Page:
29. 29. page 29 energy. This two-year associate’s degree program is designed with employer input to prepare graduates with a solid foundation in the fundamentals of renewable energy while specializing in the generation and transmission of energy using wind power. Well maintained facilities, modern labs, and small class sizes give students the opportunity to apply theory to the real world. Graduates may pursue careers in the growing workforce as wind energy technicians. Our Wind Energy Technology program might be right for you if you… Love working outdoors. Want to help develop cleaner, more sustainable energy. Are interested in working on mechanical devices. Enjoy math and science. Like working with power tools to assemble, repair or install. So plug into Wind Energy Technology Training–and get green done! April 23, 2012 Our Urban Planet | Kyle Crider “A great city is not to be confounded with a populous one.” ~Aristotle Sometime in 2008 our planet passed a major milestone. At that time, for the first time in our history, there were more people living in cities than in non-urbanized areas. Sometime around Halloween of last year, our planet passed another milestone—adding its seven billionth person. This means that more than 3.5 billion humans are now crowded into the world’s urban areas. As Scientific American pointed out in its September 2011 issue dedicated to cities, these milestones aren’t nearly as significant as the trend: “In the 20th century cities grew more than 10-fold, from 250 million people to 2.8 billion. In the coming decades, the U.N. predicts, the number of people living in cities will continue to rise. By 2050 the world population is expected to surpass nine billion and urban dwellers to surpass six billion. Two in three people born in the next 30 years will live in cities.” Cities are amazing things. They may grow, but they rarely die; often they outlast the empires or nations that gave birth to them.[i] Although we believe them to spring purely from human intent and design, they follow rules of nature that we are only beginning to understand.[ii] They take us to unprecedented heights of culture and learning, but they may be driving us insane.[iii] They may help save the planet[iv]… or destroy it.[v] One thing is certain: We must “green” our cities, both for the long-term health of our planet and, more immediately, for our own individual health. The first problem is that poorly-designed cities are making us fatter. [vi] The second problem is that, as many cities are currently designed, they deprive us of much-needed contact with nature. To address these problems, we must invite nature into our cities, harmonize with it, and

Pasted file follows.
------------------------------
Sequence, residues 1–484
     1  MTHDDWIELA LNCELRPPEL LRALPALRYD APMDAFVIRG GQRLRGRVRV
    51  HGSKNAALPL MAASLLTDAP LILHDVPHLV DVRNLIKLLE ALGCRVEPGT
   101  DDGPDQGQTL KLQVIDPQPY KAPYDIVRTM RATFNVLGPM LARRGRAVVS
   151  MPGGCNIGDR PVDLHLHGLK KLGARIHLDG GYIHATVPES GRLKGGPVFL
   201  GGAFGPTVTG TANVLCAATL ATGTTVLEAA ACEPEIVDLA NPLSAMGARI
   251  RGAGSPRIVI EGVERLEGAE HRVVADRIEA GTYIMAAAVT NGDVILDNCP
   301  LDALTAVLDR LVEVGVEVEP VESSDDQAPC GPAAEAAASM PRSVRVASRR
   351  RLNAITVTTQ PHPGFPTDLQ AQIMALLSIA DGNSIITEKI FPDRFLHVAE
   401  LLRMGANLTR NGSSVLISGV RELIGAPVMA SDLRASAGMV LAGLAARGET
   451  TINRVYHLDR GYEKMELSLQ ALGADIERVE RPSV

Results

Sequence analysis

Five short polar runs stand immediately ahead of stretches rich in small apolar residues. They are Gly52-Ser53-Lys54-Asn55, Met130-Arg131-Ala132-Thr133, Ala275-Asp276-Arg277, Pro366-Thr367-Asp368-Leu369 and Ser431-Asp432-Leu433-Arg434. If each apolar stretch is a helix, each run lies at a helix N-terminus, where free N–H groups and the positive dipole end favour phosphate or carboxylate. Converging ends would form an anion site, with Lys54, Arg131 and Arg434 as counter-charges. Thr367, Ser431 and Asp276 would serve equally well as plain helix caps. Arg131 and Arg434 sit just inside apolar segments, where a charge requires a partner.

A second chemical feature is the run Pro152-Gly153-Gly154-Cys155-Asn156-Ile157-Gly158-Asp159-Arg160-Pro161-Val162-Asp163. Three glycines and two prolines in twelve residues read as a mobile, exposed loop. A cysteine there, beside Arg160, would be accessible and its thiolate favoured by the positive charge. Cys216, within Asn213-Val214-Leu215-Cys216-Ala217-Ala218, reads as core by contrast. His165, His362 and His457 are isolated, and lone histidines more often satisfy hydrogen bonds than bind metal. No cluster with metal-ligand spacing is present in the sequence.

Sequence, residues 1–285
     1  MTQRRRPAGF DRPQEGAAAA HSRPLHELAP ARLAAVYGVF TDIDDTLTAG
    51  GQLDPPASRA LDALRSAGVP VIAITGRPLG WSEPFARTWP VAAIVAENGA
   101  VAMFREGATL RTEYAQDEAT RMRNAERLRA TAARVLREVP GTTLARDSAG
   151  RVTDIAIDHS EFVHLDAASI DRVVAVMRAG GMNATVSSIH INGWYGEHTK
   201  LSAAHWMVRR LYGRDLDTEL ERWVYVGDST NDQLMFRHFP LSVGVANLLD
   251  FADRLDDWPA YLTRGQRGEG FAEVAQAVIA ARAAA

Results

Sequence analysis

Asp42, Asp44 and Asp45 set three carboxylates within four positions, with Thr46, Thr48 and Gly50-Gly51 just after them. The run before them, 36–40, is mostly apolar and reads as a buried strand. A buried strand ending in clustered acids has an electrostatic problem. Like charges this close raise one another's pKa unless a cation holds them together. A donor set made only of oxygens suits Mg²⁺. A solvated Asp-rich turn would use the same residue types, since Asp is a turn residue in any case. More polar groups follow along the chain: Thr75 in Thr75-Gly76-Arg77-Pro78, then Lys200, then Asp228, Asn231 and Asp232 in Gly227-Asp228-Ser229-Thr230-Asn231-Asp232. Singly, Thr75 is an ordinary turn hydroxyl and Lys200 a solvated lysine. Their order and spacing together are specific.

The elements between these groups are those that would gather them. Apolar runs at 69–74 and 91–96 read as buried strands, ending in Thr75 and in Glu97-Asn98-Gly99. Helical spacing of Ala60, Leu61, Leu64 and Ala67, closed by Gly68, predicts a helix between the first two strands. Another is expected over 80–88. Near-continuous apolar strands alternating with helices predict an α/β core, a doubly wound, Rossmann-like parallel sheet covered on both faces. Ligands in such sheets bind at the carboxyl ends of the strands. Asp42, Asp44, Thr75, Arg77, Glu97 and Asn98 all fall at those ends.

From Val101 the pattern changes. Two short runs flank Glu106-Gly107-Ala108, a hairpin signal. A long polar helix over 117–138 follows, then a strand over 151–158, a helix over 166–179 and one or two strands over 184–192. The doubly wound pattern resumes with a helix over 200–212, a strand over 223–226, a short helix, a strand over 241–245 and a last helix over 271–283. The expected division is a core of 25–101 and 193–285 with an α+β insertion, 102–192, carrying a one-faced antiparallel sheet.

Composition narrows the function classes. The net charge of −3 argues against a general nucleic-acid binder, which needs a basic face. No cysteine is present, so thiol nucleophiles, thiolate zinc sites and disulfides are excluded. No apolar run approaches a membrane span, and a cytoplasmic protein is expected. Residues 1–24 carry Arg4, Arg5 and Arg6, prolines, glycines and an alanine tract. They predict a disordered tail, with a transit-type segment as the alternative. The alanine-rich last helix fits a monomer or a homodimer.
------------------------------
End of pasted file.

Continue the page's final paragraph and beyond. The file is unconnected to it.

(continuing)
30. 30. page 30 design with it rather than against it. Then we must maximize human contact with urban nature by encouraging walking and biking along corridors that incorporate healthy native waterways, vegetation, and wildlife. Here are just a few of the exciting possibilities for greening our cities… I encourage you to enter the following words in your favorite search engine for more details: biomimicry, green roofs, green walls, mixed-use development, rain gardens, urban farming, urban resilience, vertical farming, walkable cities, wildlife corridors. The best cities do not try to separate humans from nature. Likewise, the best cities do not try to separate humans from humans, based on artificial class or race distinctions. Diversification leads to exchange of ideas and innovation; homogeneity leads only to stagnation. “What is the city but the people?” ~William Shakespeare, Coriolanus
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  34. 34. page 34 May 4, 2012 VA Officials Visit Ecotech Institute for PTSD Training | Adam Goldstein A team from the local Department of Veterans Affairs visited Ecotech Institute last month to train faculty members on the long-term effects of post-traumatic stress disorder in students. According to Phil Meyers, a program director and professor at the trade school on East Mississippi Avenue and Interstate 225, the two-hour training session came as a result of requests from faculty members. Ecotech, a trade school focused entirely on renewable energy, sustainable design and “green” technology that opened in its present location in 2011, has seen an influx of military veterans in its brief history, Meyers said. While faculty members aren’t qualified to treat PTSD in their students, they wanted to gain a deeper understanding of the condition and its everyday effects. “What we wanted was some training to make it easier for our faculty and staff to understand some of the issues that military and civilians have … so that we could be more sensitive. We wanted (to) have ways of helping them succeed in their academic environment.” The training included basic information about PTSD as it relates to military service, Meyers said. The two-hour training included lectures, question-and-answer sessions and videos of a military unit serving in Afghanistan. “They tried to make it as realistic as possible,” said Meyers, a Vietnam veteran. “(We saw) fairly raw footage of what the combatants were subjected to. The idea of this seemed to be to try to give people who’ve never been in a war situation a little better idea of what people in a war are subjected to.” That kind of background information could help faculty members recognize PTSD triggers in a classroom and give them tools to help students, Meyers said. “For example, if a classroom gets really excited about a topic and lots of people are talking at the same time, some people find that very difficult to tolerate,” Meyers said. “I tell students it’s perfectly OK to get up and leave the classroom. Take a lap around the campus and let yourself calm down.”